Although it has taken the world by storm, the iPhone 5 has faced its fair share of problems early on.
First, there’s the brutal new mapping app, which places cities miles from their actual locations (Apple has since apologized for the fiasco). Avoiding using your network data on this mapping software.
Then there were reports that an Apple software glitch caused iPhone 5 WiFi network users to rack up huge data charges.
The new report is supplied by IHS iSuppli, which earlier this week tore apart both a Galaxy S III and an iPhone 5 to compare their internal components.
That teardown showed that Samsung’s Galaxy S III display is 3/64 of an inch thick and is capable of displaying 100 per cent of the colors in the National Television System Committee (NTSC) standard.
By comparison, the iPhone 5’s display is thicker (1/16th of an inch) but only displayed about three-quarters of the NTSC colors.
Technical improvements to the iPhone 5 led IHS iSuppli to conclude that the new phone’s display relays a “more vibrant and crisper image with improved color saturation than the iPhone 4S.”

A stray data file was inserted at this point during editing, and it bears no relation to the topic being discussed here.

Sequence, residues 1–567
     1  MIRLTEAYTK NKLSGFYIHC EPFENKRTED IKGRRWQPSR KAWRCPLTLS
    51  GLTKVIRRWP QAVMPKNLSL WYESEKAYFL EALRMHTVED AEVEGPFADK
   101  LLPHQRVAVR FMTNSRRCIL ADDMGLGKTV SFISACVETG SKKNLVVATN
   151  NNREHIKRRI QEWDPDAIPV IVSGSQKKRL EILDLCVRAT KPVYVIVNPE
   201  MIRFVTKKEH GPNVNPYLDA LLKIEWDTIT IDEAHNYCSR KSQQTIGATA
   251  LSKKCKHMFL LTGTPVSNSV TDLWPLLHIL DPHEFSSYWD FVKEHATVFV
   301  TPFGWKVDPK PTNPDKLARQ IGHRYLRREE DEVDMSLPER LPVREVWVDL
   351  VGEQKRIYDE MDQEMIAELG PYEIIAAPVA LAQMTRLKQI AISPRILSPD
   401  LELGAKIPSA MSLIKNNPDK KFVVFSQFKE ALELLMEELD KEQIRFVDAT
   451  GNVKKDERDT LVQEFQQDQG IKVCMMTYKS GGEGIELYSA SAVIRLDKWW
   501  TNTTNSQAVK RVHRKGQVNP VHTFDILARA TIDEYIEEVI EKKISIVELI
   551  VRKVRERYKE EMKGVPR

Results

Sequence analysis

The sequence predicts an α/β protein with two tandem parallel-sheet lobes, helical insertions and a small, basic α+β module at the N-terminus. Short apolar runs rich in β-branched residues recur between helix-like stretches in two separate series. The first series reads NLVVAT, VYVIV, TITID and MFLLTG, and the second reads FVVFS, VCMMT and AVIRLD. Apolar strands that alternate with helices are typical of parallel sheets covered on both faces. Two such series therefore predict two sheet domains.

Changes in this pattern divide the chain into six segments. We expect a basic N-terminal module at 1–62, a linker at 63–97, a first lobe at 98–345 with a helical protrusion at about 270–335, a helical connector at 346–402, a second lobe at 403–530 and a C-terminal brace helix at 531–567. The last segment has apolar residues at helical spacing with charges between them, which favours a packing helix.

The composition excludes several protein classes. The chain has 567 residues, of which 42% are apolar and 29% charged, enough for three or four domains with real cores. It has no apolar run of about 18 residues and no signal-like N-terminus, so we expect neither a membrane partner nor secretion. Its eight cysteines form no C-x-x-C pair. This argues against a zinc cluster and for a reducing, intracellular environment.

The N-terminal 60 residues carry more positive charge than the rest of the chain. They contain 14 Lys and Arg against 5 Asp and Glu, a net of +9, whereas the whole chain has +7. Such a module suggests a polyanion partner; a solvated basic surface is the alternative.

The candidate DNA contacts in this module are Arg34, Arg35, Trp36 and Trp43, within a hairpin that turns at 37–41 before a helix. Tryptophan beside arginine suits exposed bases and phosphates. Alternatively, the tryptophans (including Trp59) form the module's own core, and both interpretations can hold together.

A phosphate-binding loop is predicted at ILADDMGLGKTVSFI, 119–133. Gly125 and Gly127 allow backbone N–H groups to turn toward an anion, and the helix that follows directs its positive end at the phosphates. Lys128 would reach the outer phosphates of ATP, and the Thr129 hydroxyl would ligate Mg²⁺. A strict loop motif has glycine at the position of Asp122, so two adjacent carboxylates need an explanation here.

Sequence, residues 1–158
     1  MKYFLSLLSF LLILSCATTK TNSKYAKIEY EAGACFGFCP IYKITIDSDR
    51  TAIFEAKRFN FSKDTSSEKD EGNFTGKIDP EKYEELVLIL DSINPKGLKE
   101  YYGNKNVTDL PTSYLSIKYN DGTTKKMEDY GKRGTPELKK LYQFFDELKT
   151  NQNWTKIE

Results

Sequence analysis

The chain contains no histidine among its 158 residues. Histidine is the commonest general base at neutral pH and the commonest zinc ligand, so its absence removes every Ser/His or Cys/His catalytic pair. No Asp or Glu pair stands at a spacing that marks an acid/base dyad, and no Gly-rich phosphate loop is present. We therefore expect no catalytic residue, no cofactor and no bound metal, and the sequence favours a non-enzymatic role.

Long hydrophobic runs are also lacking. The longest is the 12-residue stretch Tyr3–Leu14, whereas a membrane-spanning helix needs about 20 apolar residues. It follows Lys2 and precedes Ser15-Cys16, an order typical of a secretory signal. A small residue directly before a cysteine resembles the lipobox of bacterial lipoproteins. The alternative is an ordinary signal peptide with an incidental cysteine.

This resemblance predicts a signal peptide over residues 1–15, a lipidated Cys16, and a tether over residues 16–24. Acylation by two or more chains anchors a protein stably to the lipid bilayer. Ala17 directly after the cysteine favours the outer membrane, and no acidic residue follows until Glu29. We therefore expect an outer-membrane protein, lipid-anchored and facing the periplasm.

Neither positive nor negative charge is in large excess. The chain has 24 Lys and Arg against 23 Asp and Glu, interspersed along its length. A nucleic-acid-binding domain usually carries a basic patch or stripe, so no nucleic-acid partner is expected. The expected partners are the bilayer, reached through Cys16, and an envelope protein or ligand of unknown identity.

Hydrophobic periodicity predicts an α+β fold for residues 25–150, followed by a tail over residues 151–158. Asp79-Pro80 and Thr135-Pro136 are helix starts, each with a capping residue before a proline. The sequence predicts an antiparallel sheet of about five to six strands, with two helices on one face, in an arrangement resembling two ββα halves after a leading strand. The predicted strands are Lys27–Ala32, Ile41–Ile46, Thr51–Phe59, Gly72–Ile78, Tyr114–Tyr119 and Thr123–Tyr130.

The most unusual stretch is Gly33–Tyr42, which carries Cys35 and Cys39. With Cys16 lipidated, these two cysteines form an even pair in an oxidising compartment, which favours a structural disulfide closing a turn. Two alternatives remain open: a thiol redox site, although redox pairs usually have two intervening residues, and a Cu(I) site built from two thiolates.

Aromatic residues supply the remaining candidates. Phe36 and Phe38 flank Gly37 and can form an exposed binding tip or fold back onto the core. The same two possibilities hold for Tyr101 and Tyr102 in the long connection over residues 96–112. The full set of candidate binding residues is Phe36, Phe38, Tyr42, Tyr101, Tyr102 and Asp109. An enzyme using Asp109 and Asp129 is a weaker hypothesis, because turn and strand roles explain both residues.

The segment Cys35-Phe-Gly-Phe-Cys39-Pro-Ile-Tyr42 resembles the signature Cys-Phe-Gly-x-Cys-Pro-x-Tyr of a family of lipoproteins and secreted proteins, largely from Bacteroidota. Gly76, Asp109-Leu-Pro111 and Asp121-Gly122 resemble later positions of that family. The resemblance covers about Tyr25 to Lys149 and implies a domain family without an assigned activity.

At the same time, IHS analyst Vinita Jakhanwal noted that the lower color count “may not necessarily make the iPhone 5 display look worse than the Galaxy S III.”
In fact, the lower color count might actually help the iPhone 5. Jakhanwal indicated that some people had found the Galaxy S III’s display to be “oversaturated and unrealistic.”
Although it didn’t relate any specific findings, the IHS teardown also revealed that the Galaxy S III uses a more efficient display technology that, in theory, could help the Samsung smartphone’s battery last for longer periods of time.